Unearthed during excavation for building a house in a vineyard near the town of Speyer, Germany, it was inside one of two Roman stone sarcophaguses that were dug up. The bottle dates from approximately 325 A.D. and was found in 1867.
The greenish-yellow glass amphora has handles formed in the shape of dolphins. One of several bottles discovered, it is the only one with the contents still preserved.
The ancient liquid has much silty sediment. About two-thirds of the contents are a thicker, hazy mixture. This is most probably olive oil, which the Romans commonly used to "float" atop wine to preserve it from oxidation. Cork closures, although known to exist at the time, were quite uncommon. Their oil method of preservation was apparently effective enough to keep the wine from evaporation up to modern day.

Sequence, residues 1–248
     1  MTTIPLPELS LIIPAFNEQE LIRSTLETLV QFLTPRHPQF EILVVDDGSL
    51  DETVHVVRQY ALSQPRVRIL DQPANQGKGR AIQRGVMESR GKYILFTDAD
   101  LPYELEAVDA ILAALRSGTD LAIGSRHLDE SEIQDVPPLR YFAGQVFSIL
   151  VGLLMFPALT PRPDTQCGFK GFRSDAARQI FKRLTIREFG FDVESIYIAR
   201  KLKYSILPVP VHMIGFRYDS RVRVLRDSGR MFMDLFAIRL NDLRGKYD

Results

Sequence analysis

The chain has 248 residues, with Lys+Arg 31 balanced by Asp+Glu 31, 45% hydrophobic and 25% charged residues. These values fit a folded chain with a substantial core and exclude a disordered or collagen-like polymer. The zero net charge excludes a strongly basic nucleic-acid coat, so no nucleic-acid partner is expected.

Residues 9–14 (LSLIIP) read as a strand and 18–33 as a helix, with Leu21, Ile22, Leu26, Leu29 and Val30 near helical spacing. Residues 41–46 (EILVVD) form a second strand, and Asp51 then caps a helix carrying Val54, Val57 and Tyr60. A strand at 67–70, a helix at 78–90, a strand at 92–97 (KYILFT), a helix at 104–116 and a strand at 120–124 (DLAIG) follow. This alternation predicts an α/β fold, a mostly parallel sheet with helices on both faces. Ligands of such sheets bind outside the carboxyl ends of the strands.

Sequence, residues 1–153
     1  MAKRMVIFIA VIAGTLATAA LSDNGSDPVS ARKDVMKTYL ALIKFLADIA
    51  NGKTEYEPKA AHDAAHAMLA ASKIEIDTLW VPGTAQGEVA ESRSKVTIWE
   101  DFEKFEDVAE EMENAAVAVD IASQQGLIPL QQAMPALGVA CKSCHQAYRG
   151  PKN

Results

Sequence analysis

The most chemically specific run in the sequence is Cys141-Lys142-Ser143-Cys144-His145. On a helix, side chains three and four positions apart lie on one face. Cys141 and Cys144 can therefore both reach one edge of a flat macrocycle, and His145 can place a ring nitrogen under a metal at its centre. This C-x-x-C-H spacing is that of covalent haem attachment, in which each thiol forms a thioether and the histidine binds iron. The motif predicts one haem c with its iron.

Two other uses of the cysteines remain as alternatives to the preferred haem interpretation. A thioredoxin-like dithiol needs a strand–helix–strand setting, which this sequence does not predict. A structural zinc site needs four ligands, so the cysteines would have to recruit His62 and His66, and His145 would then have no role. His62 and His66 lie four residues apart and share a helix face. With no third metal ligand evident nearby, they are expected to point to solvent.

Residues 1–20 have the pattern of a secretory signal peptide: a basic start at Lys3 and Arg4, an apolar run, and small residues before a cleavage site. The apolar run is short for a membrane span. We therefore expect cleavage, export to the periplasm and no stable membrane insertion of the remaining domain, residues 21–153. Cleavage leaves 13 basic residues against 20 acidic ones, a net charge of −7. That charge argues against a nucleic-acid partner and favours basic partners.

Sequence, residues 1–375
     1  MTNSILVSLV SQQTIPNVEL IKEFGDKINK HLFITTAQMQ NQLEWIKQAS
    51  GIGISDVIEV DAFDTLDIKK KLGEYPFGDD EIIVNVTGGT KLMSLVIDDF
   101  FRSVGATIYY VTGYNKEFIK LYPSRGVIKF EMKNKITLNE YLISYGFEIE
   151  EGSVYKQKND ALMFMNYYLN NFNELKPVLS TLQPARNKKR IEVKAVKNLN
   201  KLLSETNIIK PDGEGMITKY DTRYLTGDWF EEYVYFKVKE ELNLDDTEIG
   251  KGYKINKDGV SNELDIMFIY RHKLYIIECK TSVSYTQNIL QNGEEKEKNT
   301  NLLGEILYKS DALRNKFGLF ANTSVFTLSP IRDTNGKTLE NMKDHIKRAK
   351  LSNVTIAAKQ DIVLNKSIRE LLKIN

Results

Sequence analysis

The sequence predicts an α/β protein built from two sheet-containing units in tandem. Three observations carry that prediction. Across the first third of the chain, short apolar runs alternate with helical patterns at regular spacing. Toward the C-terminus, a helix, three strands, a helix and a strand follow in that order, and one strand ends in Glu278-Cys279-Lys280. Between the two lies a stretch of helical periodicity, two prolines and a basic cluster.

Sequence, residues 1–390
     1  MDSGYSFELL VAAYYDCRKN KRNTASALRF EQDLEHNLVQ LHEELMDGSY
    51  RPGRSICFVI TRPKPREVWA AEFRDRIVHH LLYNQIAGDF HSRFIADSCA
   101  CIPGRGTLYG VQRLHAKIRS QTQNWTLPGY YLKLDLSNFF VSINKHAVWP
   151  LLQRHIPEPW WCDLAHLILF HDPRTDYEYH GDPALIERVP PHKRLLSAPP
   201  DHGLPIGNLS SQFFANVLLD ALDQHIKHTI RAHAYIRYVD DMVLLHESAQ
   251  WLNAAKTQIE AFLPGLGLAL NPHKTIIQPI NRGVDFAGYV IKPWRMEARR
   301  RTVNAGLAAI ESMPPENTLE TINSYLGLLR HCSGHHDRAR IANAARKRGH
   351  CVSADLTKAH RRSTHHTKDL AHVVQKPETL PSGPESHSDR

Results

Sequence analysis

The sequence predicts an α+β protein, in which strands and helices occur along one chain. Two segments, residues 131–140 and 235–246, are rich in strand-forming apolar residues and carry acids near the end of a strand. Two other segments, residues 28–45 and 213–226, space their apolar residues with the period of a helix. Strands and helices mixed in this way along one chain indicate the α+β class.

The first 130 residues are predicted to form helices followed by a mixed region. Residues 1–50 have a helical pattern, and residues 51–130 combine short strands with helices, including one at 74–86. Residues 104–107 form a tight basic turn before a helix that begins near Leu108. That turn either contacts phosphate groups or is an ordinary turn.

The bottle is on permanent display, along with other wine antiquities, at the Historisches Museum der Pfalz (History Museum of the Pfalz), worth a visit if traveling near the area of Speyer, Germany.
Reprinted from www.winepros.org